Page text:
Wednesday, September 4, 2013

Interactive Map: In 13 States Plus D.C., Obamacare Will Increase Health Premiums By 24%, On Average

This is a summarized version of a longer piece by Avik Roy writing at Forbes

Click on the graphic above to visit the Obamacare Rate Map, an interactive guide to understanding the impact of the health law on insurance premiums in the individual market. The Map was produced by Yevgeniy Feyman, Avik Roy, and Paul Howard of the Manhattan Institute for Policy Research. ...

The relevant Obamacare insurance filings are still unavailable in 37 states

In less than four weeks—on October 1, 2013—Obamacare’s subsidized insurance exchanges are supposed to be fully on-line. But as of today, the relevant governmental agencies have only made public the insurance carrier filings for 13 states and the District of Columbia. In other words, we’re still waiting for important information on health insurance premiums from nearly three-fourths of the states. ...

Most states are seeing rate hikes; some will see reductions

While these mostly-blue states will see an average premium increase of 24 percent, the impact of Obamacare is highly variable. Nine of the states will see increases on average, and five will see decreases on average. ...

Younger men (+43%) and older women (+27%) hardest hit

It’s been widely reported in the press that younger Americans—particularly younger men—will be hardest hit by Obamacare’s changes to the individual insurance market. And, in our analysis, 27-year-old men fare the worst, with an average gross premium increase of 43 percent. It’s important to note that these rates are adjusted to take into account those with pre-existing conditions; healthy individuals should expect to see even steeper rate hikes. (For more details on our methodology, go here.)

It’s not widely understood, however, that older Americans will also see rate increases. Of the states we examined, 64-year-old men will see 20 percent increases on average. 64-year-old women will see 27 percent increases on average, which is actually higher than what 40-year-old women (10 percent) and 27-year-old women (22 percent) will see.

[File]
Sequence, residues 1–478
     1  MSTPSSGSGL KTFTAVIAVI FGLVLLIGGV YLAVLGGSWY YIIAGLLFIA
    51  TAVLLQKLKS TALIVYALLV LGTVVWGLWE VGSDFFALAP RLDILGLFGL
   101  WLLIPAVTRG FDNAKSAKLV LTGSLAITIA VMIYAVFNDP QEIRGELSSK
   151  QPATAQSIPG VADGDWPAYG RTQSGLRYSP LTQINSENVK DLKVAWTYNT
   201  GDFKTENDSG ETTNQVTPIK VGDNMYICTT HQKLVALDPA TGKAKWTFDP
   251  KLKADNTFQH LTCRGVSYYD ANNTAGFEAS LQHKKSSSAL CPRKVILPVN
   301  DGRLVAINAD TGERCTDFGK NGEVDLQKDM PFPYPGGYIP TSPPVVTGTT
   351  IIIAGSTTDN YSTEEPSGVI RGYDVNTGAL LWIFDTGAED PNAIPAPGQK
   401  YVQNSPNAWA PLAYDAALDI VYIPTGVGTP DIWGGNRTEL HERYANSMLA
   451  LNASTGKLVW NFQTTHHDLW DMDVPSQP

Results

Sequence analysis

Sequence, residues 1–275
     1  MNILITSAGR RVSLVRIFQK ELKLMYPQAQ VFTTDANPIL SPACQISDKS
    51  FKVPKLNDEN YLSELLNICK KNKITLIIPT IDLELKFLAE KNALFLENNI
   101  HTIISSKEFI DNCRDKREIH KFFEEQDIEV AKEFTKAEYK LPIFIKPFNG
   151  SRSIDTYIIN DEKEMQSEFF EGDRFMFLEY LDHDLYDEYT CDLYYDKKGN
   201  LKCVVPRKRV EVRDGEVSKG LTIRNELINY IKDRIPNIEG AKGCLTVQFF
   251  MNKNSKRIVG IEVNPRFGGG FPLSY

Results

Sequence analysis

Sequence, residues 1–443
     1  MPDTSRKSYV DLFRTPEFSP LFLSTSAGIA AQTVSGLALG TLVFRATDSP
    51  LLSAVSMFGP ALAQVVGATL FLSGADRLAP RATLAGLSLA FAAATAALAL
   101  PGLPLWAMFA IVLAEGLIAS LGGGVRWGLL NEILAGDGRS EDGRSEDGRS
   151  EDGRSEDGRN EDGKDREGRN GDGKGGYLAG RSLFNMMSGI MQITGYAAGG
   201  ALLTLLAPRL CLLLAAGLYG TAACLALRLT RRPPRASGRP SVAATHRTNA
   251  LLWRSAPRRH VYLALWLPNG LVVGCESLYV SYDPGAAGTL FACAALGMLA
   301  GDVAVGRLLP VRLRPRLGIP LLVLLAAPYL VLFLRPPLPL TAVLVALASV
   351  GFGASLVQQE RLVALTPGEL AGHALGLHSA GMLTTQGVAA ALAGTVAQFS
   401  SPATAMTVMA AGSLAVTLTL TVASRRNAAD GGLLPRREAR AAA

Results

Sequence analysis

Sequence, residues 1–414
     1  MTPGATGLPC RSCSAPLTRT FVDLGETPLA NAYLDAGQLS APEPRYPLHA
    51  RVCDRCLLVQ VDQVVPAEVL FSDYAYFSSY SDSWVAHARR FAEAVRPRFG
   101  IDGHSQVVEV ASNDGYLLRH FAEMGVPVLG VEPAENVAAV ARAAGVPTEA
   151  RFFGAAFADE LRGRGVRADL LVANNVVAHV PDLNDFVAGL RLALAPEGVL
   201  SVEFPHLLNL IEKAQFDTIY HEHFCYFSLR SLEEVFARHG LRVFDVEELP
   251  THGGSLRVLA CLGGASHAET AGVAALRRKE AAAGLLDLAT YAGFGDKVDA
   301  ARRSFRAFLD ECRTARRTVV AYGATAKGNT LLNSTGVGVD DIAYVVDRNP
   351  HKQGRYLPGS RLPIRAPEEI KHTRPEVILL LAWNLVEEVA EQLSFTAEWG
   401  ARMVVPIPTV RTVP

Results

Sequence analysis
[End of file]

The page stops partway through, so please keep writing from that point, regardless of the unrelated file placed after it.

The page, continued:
Vermont (+97%) and Ohio (-30%) are the biggest surprises

As I noted above, Vermont is one of those blue states where the individual insurance market was already heavily regulated. In 1993, the Green Mountain State instituted guaranteed issue and community rating, laws that remain on the books today. The other states that have instituted such reforms have seen an adverse selection death spiral, in which healthy people correctly see health insurance as a raw deal for them, driving premiums up as they drop out. ...


In the case of California, there are a number of important differences between the analyses we conducted in June and this new September one. First off, a number of the low-priced plans that were available to Californians in June appear to have been pulled from the market. As a result, the average pre-Obamacare rate in the new analysis was higher than it had been previously. In addition, a previous analysis compared the cheapest pre-Obamacare rate to the cheapest post-Obamacare rate; the new analysis looks at the five cheapest in each category. In the case of California, this change had the effect of narrowing the difference between the pre- and post-Obamacare markets.

In addition, there are a number of plans that have been filed in the State of California that were not listed in Covered California’s May release. These additional plans, in several instances, resulted in lower rates than what Covered California had indicated. Also, insurers such as UnitedHealth and Aetna have withdrawn from the market, believing that they may not be allowed to charge premiums that will cover their costs. If Aetna and United are right, these changes will have the effect of artificially depressing premiums in 2014, but inflating them in 2015, as costs and premiums realign at a higher level.

The combination of these changes provided us with a different result in California. We had previously calculated that 25- and 40-year-olds would each see an 81 percent increase in underlying rates, compared to 2013 premiums adjusted for pre-existing conditions. The new analysis found that rates would increase by 23 and 14 percent, respectively, for those age groups.

I wrote about another way to think about California in July. Sam Richardson of the University of Texas looked at comparable plans offered by the same insurer, Kaiser, under Obamacare and prior to it. They each had $5,000 deductibles and 30 percent coinsurance, and nearly identical actuarial values. However, the pre-Obamacare plan cost $100 a month, and the new plan cost $205. As we continue to build out our 50-state map, we intend to conduct this type of analysis for each state.